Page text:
Persecution was aimed at defusing tensions threatening public order. People easily recognized Christians guilty of violations, which led to the anger of the gods and caused famine, floods, epidemics or other catastrophes. Persecution initially had a local character. Suspicion towards the new religion was provoked by Jews themselves who perceived Christians as intruders and traitors. With the outbreak of the Great Fire of Rome in 64 CE, there was religious repression directed mainly against Christians. Christians were murdered for the show, suffering cruel deaths, thrown into the arena full of wild animals, burned alive, or crossed. However, what is important to emphasize, the period of Nero’s reign was not really as cruel as it has been presented so far, especially if we compare it with the reign of eg. Domitian. It is also doubtful to say that Nero himself was the initiator of the idea of burning Rome. It is now assumed that Rome was destroyed mainly due to the poorly planned spatial economy. As a result, the fire spread easily around the city. However, it can not be denied that the Jews spread rumours about the Christian connections with the fire in the capital. This how repression and discrimination against the followers of Jesus Christ occurred in the Roman Empire. However, persecution lasted for a short time, being almost incidental. It was, however, a promise of many difficult years for Christians to come.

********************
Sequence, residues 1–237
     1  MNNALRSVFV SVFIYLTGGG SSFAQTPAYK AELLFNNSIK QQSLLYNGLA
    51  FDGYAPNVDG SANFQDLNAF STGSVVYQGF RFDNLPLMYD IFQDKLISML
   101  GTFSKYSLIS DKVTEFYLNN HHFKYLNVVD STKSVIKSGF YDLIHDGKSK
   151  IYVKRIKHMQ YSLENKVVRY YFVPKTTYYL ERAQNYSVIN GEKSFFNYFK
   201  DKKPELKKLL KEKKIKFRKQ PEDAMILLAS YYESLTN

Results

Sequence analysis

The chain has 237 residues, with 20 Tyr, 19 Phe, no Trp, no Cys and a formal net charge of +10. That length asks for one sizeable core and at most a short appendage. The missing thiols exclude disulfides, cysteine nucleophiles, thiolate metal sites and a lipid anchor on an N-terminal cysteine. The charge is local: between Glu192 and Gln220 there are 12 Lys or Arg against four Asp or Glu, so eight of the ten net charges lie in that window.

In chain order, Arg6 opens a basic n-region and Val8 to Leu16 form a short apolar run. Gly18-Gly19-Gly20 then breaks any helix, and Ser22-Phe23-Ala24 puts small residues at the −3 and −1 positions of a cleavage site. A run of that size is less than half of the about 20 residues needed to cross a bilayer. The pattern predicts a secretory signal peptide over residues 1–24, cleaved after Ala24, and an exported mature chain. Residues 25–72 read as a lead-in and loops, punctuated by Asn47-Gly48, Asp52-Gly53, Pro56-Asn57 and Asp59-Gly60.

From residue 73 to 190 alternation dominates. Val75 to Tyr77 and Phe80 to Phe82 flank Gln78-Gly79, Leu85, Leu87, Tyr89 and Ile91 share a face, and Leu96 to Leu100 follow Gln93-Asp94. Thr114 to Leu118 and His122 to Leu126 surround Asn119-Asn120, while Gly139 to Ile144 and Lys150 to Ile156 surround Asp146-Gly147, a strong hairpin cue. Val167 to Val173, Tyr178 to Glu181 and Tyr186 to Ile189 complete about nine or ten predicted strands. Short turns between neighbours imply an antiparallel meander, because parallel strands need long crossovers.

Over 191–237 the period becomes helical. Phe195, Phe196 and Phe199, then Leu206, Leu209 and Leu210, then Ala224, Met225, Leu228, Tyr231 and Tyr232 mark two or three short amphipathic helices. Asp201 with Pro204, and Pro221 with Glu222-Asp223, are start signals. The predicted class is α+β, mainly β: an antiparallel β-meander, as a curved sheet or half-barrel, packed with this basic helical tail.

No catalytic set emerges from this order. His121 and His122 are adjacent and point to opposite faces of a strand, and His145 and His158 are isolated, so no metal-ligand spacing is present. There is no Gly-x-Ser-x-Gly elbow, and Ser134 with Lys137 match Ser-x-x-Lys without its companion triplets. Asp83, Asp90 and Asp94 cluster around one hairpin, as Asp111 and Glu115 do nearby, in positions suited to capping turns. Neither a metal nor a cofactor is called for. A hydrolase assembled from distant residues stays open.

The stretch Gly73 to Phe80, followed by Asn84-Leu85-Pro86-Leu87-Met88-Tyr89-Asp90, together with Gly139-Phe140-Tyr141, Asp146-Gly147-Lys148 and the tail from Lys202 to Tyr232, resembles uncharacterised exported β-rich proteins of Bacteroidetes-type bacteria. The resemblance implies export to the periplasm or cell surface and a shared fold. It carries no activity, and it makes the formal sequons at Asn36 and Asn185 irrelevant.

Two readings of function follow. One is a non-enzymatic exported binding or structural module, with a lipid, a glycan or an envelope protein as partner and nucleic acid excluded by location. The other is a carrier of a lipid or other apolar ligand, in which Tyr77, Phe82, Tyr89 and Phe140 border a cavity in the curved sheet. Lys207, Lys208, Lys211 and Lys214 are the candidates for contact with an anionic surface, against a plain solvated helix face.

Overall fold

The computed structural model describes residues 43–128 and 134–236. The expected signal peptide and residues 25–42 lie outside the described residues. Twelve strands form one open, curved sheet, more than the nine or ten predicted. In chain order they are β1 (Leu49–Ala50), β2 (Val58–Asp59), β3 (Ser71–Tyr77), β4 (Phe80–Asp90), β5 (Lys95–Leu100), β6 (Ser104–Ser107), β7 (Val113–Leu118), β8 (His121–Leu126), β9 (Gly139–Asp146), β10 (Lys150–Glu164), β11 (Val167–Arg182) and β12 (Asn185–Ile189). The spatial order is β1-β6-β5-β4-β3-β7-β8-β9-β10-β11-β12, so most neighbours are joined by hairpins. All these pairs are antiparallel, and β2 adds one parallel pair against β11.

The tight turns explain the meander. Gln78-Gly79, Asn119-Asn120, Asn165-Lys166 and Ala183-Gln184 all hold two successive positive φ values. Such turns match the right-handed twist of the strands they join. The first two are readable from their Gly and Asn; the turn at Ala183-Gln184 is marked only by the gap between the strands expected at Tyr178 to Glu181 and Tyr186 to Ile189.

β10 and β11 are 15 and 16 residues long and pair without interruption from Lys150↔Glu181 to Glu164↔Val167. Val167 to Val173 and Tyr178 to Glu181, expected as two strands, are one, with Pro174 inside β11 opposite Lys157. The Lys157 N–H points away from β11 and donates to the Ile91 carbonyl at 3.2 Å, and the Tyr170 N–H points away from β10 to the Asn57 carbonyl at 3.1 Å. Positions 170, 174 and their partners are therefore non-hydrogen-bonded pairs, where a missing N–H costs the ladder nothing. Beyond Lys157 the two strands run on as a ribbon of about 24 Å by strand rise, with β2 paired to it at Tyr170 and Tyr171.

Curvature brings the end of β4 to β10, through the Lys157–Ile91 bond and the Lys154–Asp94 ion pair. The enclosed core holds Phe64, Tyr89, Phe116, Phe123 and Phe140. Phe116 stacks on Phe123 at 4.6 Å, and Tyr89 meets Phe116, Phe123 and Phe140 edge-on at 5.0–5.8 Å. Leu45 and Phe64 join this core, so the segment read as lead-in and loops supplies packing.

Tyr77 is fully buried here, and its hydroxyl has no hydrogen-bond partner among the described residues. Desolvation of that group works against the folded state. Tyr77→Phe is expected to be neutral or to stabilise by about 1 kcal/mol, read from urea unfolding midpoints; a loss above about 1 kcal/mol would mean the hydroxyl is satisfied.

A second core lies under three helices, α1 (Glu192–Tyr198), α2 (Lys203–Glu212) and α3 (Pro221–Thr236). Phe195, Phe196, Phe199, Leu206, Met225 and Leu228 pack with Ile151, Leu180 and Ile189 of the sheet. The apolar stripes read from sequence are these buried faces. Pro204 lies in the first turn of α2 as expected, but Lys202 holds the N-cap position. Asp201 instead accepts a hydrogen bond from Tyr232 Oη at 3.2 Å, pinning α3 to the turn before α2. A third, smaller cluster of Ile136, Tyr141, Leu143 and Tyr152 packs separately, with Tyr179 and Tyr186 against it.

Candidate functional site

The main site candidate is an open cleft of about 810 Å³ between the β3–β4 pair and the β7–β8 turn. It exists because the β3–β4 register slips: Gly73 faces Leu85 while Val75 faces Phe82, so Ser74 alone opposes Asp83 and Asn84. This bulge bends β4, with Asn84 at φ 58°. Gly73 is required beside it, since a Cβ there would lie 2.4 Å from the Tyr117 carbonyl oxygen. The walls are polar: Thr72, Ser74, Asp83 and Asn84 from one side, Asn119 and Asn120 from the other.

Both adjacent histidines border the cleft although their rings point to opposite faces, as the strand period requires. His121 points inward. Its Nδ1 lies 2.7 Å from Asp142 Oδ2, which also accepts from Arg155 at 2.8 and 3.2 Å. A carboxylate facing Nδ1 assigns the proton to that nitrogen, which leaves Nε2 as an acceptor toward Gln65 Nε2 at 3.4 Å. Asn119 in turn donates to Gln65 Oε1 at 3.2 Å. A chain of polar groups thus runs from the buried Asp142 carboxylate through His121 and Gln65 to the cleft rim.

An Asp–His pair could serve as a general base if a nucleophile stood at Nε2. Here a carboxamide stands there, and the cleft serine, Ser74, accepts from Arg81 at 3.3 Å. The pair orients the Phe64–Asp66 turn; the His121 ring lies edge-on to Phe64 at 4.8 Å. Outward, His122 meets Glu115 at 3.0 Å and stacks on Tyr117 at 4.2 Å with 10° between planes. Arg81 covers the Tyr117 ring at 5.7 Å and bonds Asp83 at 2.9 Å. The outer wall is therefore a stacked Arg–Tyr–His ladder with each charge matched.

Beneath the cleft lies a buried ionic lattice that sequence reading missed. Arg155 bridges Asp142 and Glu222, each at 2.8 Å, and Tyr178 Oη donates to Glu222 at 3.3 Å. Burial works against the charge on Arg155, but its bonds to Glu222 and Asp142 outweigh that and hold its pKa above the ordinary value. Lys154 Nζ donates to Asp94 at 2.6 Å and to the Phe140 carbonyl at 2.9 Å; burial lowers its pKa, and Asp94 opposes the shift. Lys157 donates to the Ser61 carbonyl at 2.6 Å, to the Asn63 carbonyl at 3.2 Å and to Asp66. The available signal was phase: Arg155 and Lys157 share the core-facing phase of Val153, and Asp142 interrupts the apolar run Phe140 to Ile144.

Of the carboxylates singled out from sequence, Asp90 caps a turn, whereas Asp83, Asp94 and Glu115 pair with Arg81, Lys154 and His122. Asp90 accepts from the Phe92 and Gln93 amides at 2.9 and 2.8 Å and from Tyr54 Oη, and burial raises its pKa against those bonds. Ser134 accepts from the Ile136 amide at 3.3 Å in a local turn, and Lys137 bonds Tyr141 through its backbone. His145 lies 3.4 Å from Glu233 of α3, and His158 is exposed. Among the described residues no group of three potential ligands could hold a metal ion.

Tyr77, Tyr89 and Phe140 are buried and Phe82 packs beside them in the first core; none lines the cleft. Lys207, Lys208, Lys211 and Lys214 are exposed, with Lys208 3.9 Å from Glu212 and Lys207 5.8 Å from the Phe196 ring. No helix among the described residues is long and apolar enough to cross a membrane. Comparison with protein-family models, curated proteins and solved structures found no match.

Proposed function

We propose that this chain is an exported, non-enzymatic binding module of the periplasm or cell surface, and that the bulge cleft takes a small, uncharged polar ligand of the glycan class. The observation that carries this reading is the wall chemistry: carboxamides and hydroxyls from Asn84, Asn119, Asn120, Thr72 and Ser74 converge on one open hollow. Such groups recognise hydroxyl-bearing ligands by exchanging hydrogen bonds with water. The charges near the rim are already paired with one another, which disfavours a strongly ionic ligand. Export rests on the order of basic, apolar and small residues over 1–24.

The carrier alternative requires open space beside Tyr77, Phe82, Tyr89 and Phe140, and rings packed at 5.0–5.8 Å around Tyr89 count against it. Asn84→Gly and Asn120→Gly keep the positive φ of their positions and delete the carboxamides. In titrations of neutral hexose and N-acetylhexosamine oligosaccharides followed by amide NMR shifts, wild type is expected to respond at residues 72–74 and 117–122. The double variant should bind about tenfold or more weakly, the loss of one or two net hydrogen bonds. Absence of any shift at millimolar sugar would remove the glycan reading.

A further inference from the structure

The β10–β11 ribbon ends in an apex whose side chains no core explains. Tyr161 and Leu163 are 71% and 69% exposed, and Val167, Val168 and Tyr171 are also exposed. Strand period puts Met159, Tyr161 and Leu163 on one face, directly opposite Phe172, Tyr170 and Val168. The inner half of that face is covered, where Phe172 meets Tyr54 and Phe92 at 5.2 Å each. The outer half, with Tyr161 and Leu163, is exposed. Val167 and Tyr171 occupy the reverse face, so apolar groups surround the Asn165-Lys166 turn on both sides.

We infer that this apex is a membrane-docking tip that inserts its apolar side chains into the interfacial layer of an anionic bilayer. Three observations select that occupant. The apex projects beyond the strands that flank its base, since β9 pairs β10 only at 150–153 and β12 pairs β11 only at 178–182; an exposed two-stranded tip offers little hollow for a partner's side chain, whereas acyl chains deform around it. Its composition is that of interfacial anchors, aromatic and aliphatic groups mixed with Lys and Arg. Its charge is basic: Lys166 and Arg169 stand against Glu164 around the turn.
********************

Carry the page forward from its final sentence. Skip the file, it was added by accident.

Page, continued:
In addition to the repressions ordered by Nero in Rome, the initiative of persecution belonged to the lowest spheres for the first hundred years. The second wave of persecution is connected with Emperor Domitian (ruled 81-96 CE). During his reign, there was strong repression mainly under the pretext of “atheism” and not offering sacrifices to the Roman gods and not recognizing the emperor’s divinity. The people still perceived Christians as the murderers of children and magicians. At that time, however, the persecutions also included Jews, on whom the emperor focused more.